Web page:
Long before Kate Moss was the cocaine-snorting mother of one who continues to grace various fashion magazines, she was the underage nymph clutching muscle-y men with her top off. And two decades later, Kate is telling Vanity Fair that such adult demands of her as a teenager jacked her up. Imagine that.
Kate tells the publication that she suffered intense bouts of anxiety and sobbing when doing the famous 1992 Calvin Klein shoot that launched her career:
“I had a nervous breakdown when I was 17 or 18, when I had to go and work with Marky Mark and Herb Ritts,” she says. “It didn’t feel like me at all. I felt really bad about straddling this buff guy. I didn’t like it. I couldn’t get out of bed for two weeks. I thought I was going to die. I went to the doctor, and he said, ‘I’ll give you some Valium,’ and Francesca Sorrenti, thank God, said, ‘You’re not taking that.’ It was just anxiety. Nobody takes care of you mentally. There’s a massive pressure to do what you have to do. I was really little, and I was going to work with Steven Meisel. It was just really weird—a stretch limo coming to pick you up from work. I didn’t like it. But it was work, and I had to do it.”
Other shoots demanded the minor to strip down as well, including a photograph with Corinne Day for The Face. Unsurprisingly, the teenager was a little bashful about taking off her clothes for grownups:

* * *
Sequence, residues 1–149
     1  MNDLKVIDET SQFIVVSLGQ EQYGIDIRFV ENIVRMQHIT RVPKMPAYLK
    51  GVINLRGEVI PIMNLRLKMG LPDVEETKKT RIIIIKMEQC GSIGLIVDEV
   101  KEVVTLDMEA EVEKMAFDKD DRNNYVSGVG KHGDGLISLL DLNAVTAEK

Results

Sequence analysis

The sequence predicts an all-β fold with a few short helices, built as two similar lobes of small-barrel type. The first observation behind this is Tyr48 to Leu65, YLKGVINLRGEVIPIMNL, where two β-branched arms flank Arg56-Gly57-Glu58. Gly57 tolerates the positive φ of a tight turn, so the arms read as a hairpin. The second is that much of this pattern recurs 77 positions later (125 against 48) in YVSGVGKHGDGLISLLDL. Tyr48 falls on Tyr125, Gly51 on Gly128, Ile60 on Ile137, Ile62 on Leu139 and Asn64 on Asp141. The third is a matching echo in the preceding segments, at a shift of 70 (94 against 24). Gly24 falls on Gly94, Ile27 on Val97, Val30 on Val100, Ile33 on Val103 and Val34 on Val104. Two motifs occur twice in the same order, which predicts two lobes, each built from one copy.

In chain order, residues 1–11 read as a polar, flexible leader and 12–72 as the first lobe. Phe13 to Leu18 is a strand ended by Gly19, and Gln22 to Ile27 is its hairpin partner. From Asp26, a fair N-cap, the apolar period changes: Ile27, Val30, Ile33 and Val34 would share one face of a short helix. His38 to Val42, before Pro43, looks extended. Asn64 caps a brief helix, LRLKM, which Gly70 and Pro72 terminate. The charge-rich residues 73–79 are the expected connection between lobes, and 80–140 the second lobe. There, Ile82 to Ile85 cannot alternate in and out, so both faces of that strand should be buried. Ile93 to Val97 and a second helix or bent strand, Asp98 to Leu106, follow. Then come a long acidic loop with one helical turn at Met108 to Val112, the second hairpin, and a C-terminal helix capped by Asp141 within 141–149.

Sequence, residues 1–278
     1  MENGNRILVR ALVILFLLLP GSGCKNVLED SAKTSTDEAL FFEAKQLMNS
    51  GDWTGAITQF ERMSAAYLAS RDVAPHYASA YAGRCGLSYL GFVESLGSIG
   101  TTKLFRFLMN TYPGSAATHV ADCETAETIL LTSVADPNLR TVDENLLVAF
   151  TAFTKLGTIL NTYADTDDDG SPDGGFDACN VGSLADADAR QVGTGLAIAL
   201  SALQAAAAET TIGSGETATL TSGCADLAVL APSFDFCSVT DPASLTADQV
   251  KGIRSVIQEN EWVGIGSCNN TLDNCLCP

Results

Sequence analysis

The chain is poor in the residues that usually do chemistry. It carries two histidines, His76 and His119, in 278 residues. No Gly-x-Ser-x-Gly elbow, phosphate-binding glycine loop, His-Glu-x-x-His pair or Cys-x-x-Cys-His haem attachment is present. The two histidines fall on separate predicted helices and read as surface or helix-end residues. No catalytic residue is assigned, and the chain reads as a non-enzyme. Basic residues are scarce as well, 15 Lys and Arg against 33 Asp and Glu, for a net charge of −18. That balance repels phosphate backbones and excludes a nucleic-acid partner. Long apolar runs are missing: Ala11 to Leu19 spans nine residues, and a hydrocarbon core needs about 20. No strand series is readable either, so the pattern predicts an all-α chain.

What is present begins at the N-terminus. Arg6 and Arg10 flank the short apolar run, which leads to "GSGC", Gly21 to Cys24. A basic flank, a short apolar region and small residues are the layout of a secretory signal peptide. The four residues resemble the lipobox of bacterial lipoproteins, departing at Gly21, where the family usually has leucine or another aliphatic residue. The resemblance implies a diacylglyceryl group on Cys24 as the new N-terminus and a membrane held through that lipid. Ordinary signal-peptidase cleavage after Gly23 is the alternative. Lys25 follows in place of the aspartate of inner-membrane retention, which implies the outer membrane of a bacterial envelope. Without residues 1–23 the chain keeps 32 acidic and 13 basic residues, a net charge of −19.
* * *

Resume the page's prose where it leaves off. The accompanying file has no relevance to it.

“I see a 16-year-old now, and to ask her to take her clothes off would feel really weird. But they were like, If you don’t do it, then we’re not going to book you again. So I’d lock myself in the toilet and cry and then come out and do it. I never felt very comfortable about it. There’s a lot of boobs. I hated my boobs! Because I was flat-chested. And I had a big mole on one. That picture of me running down the beach—I’ll never forget doing that, because I made the hairdresser, who was the only man on the shoot, turn his back.”
It’s pretty far from shocking that asking young girls to project a very adult — and contrived — sexuality can saddle them with way more than a case of the giggles. It’s equally problematic that doctors assigned to the teen offered prescription drugs as the solution to her ailments. Premature sexuality mixed with valiums sounds like all the makings for a — well — Kate Moss.
But the conditions under which baby Kate worked are by no means a relic of the early 90s. Underage ladies are still being pressured to go nude, engage in adult behavior, and otherwise be exploited in an industry that refuses to acknowledge the fact that they are children. Unfortunately, Kate’s story is one of only a handful brought to our attention.